rediff.com

NewsApp (Free)

Read news as it happens
Download NewsApp

Available on  

Rediff News  All News 
Rediff.com  » Business » Glut of MBAs: Where are the jobs?

Glut of MBAs: Where are the jobs?

May 06, 2010 11:22 IST

We not only have an oversupply of MBAs already, but have MBAs whose academic and experience profile actually makes them another "brick in the wall", writes Arvind Singhal.

For the last few years, every MBA placement season sees a flurry of releases from various business schools on the highest and average salaries offered to their newly minted MBA graduates.

Each year, the numbers show a rising trend, and if these numbers are to be taken at face value, India must be facing an incredible crunch of entry-level managerial talent since such compensation levels are aspirational even for mid-career professionals in other functions, such as manufacturing, or professional service providers, such as doctors and chartered accountants.

Sometime later in the year, it would be the "ranking" season when leading business magazines come out with cover stories carrying their rankings of leading business schools in India, adding further glamour to the MBA degree.

Largely unstated are the less-than-stellar overall placement records for most MBA institutes in India, including some that have made it to even the top-10 rankings.

While it may be true that finally most MBAs from the top-10 or even the top-25 ranked institutes find some job and hence they are technically "placed", it is also true that increasingly, many of them are forced to take up jobs that could be easily managed by someone with a basic graduation degree itself.

The plight of those who do not come from the top-25 institutions is probably worse. Indeed, if the glamour and the clamour for an MBA degree continue to grow as it has in the last few years, and with both public and private institutions creating capacity at the same pace as they have been doing recently, it may be an exaggeration, but just barely, that we will see legions of MBAs in the field sales force of pharmaceutical or FMCG companies, on the shop floor of retail outlets, and in different types of BPOs and KPOs.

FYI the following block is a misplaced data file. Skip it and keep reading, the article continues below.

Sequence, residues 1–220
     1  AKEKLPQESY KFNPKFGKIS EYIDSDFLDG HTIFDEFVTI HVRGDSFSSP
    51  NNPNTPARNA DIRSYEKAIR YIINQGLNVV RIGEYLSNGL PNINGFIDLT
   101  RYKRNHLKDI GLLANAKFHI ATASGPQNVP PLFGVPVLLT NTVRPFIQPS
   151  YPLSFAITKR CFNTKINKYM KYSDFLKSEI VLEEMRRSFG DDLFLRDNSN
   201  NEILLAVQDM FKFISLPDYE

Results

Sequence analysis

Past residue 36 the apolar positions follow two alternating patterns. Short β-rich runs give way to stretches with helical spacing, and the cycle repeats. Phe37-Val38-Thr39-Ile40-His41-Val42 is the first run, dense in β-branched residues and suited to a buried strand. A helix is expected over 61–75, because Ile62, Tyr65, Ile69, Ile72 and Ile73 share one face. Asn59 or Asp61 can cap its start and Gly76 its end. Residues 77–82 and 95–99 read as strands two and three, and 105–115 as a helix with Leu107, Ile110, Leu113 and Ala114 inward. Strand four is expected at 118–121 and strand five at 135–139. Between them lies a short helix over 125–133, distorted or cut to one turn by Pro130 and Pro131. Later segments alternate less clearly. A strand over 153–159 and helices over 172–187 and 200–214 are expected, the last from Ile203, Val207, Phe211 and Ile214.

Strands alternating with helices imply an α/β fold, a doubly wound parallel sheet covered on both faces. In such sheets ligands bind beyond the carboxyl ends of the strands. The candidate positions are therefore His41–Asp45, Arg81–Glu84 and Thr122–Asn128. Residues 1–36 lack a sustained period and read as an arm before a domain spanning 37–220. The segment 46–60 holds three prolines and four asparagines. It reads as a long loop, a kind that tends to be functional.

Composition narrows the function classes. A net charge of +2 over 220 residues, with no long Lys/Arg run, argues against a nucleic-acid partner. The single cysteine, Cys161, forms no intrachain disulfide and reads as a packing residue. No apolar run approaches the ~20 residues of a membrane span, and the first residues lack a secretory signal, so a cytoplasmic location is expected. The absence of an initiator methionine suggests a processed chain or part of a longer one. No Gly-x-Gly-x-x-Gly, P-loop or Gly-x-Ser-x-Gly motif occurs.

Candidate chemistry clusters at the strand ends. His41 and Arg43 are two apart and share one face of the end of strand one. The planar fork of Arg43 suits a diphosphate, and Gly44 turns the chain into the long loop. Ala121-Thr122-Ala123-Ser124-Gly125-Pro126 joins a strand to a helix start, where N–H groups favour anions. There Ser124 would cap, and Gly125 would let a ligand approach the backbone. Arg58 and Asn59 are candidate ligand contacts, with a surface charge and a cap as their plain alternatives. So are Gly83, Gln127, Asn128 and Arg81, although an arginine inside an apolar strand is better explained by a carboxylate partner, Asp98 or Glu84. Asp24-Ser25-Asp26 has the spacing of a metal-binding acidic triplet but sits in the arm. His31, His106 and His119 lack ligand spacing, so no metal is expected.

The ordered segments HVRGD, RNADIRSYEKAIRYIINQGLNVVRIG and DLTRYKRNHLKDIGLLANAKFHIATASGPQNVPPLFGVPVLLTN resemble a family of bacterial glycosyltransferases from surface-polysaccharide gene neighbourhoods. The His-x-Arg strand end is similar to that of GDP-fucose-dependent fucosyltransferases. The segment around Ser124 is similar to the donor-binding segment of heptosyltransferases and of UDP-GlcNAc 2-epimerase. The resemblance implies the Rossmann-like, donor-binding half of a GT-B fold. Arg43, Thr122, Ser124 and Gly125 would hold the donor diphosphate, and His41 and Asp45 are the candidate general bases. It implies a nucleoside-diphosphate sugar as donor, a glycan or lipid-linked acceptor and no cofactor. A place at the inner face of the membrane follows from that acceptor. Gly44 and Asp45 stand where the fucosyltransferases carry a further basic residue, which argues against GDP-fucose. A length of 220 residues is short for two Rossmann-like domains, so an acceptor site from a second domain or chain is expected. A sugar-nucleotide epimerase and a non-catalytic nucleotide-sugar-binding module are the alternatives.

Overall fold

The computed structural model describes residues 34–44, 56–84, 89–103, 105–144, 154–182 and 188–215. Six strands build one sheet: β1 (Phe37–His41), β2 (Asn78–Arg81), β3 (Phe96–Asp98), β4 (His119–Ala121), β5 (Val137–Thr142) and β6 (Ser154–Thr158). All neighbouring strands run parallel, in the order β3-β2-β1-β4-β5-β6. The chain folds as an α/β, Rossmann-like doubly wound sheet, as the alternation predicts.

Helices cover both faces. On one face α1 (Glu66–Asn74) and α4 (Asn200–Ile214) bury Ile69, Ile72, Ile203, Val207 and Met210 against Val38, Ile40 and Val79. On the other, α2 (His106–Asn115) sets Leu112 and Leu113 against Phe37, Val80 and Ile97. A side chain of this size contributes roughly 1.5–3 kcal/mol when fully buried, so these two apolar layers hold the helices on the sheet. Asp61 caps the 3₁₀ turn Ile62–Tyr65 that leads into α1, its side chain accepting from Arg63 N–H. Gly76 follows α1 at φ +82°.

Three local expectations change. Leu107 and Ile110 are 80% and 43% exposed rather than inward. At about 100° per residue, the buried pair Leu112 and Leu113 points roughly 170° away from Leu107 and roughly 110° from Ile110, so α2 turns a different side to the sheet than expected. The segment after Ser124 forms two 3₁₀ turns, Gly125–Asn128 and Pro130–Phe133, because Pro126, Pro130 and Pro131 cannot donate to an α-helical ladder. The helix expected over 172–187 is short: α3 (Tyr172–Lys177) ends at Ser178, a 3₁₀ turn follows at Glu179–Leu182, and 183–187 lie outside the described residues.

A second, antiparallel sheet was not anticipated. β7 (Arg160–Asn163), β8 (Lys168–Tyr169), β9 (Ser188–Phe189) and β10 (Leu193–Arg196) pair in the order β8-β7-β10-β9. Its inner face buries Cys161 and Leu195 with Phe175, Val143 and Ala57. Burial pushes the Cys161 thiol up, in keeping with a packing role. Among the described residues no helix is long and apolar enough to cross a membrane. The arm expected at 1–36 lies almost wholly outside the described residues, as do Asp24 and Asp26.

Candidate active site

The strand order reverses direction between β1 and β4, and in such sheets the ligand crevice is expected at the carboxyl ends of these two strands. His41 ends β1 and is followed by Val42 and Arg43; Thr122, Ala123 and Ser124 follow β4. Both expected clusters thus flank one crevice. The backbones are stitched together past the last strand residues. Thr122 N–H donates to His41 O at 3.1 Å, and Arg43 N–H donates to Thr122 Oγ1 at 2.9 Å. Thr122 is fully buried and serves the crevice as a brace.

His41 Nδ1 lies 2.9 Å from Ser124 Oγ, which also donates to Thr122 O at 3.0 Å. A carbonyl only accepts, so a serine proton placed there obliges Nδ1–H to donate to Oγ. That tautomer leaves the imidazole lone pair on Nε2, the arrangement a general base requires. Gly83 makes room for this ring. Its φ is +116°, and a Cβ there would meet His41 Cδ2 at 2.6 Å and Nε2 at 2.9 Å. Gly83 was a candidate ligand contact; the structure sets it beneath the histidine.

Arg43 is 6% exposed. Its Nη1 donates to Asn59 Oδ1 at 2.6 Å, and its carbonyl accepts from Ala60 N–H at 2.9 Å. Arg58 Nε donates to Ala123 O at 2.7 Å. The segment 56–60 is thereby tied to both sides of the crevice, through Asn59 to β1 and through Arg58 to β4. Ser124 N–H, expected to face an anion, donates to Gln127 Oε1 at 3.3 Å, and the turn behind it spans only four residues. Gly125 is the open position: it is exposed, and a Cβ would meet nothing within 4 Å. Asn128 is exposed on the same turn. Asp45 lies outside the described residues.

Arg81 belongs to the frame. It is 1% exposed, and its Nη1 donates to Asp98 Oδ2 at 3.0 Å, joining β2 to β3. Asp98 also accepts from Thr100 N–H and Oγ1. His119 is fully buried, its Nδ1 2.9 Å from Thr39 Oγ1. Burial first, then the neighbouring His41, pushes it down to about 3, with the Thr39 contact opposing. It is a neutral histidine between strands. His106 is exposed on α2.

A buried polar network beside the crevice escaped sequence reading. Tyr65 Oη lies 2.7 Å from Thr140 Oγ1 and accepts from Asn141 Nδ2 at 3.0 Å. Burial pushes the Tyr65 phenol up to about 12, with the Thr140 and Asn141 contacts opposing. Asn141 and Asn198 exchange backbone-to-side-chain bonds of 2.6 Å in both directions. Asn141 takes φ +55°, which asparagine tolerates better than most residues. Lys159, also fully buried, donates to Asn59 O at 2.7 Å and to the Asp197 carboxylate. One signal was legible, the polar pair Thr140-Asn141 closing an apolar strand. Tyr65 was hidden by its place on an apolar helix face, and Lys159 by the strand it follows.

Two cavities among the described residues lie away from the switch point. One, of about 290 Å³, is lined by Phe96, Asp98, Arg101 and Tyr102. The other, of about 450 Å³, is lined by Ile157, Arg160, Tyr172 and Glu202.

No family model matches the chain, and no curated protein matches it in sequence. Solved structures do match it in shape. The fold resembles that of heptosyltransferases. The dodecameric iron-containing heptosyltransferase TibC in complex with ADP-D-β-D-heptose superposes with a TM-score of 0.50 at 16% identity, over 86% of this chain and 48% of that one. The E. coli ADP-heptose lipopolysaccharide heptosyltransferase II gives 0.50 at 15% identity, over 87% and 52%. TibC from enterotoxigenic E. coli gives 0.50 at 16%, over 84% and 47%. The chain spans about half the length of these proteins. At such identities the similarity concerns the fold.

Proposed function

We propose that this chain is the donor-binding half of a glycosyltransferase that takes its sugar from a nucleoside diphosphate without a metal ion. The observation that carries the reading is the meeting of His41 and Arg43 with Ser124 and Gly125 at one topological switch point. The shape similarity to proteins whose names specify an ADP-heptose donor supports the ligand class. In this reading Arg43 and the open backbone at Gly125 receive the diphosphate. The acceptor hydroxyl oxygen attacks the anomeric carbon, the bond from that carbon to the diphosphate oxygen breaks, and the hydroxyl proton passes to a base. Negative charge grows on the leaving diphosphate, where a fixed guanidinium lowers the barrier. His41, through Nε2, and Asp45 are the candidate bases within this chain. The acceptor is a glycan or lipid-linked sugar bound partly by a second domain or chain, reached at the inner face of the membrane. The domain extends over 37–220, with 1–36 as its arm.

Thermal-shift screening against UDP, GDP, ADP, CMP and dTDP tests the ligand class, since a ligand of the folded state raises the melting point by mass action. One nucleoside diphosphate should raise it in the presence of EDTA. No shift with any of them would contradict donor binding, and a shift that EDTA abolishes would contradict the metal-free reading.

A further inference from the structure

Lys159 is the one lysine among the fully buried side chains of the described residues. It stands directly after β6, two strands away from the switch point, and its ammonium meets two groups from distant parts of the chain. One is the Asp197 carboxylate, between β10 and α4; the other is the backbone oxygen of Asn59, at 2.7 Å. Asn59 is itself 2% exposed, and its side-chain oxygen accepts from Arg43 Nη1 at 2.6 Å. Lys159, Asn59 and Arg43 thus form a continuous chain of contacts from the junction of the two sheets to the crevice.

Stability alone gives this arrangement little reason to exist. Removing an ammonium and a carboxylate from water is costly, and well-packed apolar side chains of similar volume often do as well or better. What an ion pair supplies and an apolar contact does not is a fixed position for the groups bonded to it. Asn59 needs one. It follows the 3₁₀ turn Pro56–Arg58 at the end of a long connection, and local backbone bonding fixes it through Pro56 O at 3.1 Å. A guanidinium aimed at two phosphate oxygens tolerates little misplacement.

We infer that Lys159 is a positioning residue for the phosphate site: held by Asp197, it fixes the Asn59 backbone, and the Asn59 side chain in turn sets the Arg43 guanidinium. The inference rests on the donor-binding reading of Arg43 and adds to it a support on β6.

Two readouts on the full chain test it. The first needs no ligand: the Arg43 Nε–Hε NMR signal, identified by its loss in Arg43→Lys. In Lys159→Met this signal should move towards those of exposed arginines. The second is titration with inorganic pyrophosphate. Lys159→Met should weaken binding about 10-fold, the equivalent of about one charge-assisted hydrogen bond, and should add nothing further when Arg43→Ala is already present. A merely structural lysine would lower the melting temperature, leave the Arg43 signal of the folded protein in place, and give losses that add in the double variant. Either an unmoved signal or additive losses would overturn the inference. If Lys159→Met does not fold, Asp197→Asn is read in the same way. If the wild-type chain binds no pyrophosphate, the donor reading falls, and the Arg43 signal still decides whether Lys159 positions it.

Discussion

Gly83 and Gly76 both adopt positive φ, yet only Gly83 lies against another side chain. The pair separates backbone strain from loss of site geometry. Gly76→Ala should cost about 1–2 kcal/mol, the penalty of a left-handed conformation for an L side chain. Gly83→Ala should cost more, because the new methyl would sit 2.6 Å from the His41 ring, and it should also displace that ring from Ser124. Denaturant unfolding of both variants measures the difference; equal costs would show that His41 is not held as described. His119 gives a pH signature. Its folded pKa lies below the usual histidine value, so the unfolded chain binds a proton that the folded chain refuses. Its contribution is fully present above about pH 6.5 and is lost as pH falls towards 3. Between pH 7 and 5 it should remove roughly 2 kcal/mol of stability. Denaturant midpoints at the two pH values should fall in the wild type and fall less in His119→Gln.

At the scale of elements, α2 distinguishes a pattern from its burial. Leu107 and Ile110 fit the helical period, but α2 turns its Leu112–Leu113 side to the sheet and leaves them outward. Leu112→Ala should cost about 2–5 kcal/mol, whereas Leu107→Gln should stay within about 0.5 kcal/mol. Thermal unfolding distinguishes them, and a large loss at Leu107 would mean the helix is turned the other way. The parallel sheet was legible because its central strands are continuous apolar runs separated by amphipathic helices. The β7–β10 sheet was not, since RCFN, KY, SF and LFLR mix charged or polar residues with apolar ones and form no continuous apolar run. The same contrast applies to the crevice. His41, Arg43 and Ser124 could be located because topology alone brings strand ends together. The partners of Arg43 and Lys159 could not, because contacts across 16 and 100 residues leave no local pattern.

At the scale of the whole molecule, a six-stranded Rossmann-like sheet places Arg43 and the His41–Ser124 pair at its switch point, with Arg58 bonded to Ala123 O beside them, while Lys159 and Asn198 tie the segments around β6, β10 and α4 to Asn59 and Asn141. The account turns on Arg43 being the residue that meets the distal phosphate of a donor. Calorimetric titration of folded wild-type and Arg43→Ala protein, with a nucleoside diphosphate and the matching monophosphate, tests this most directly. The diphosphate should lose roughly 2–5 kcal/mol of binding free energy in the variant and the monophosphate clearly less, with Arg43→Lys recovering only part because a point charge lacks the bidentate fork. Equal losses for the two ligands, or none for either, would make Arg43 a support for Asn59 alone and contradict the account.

Hard data supports the onset of this glut of MBAs. In 2000, there were about 600 colleges in India offering about 70,000 MBA seats. By the end of 2009, the number had increased to 1,400 colleges offering about 120,000 MBA seats!

The intake of the top-20 institutes alone has increased from 1,500 in 2000 to over 5,000 in 2009, and is poised to increase further in the next five years as more IIMs come into operation while the current top-ranked ones (IIMs and others) further expand capacity or add new campuses and programmes.

By comparison, the US (whose economy is over 10 times bigger than that of India) has about 1,000 colleges offering about 150,000 MBA seats to both US citizens and to a growing pool of international applicants.

In the entire European Union (EU), whose economy is also over 10 times that of India and which has much more diversity in terms of number of countries and businesses, there are just about 550 colleges offering about 100,000 MBA seats.

Major EU economies such as Germany, France and the UK individually offer between 8,600 and 27,000 MBA seats despite each being significantly larger and more global than India is at this time.

Making it worse is the highly flawed selection criterion of almost all Indian MBA colleges, including the IIMs. The 2010 incoming batch, for instance, has just 6 per cent women, about 94 per cent are engineers with just an isolated representative from arts stream, 33 per cent have no work experience at all and 41 per cent have less than two years of experience.

There is very high probability that even this experience profile will largely have applicants who have worked in the IT sector post-engineering and wish to make a transition out of the IT sector itself.

Harvard's class of 2010 has 38 per cent women, just 32 per cent are engineers, and over 84 per cent have experience of more than two years. ESADE (Barcelona, Spain) has 48 nationalities represented in its class of 180 students with an average work experience of seven years.

Hence, we not only have an oversupply of MBAs already, but have MBAs whose academic and experience profile actually makes them another "brick in the wall".

There are no easy solutions except that MBA colleges have to reinvent themselves and their programmes immediately before they add more capacity, and all new aspirants for an MBA programme should keep in mind that an MBA degree from even a high-ranking institute may not translate into a dream job in the near future!

Arvind Singhal
Source: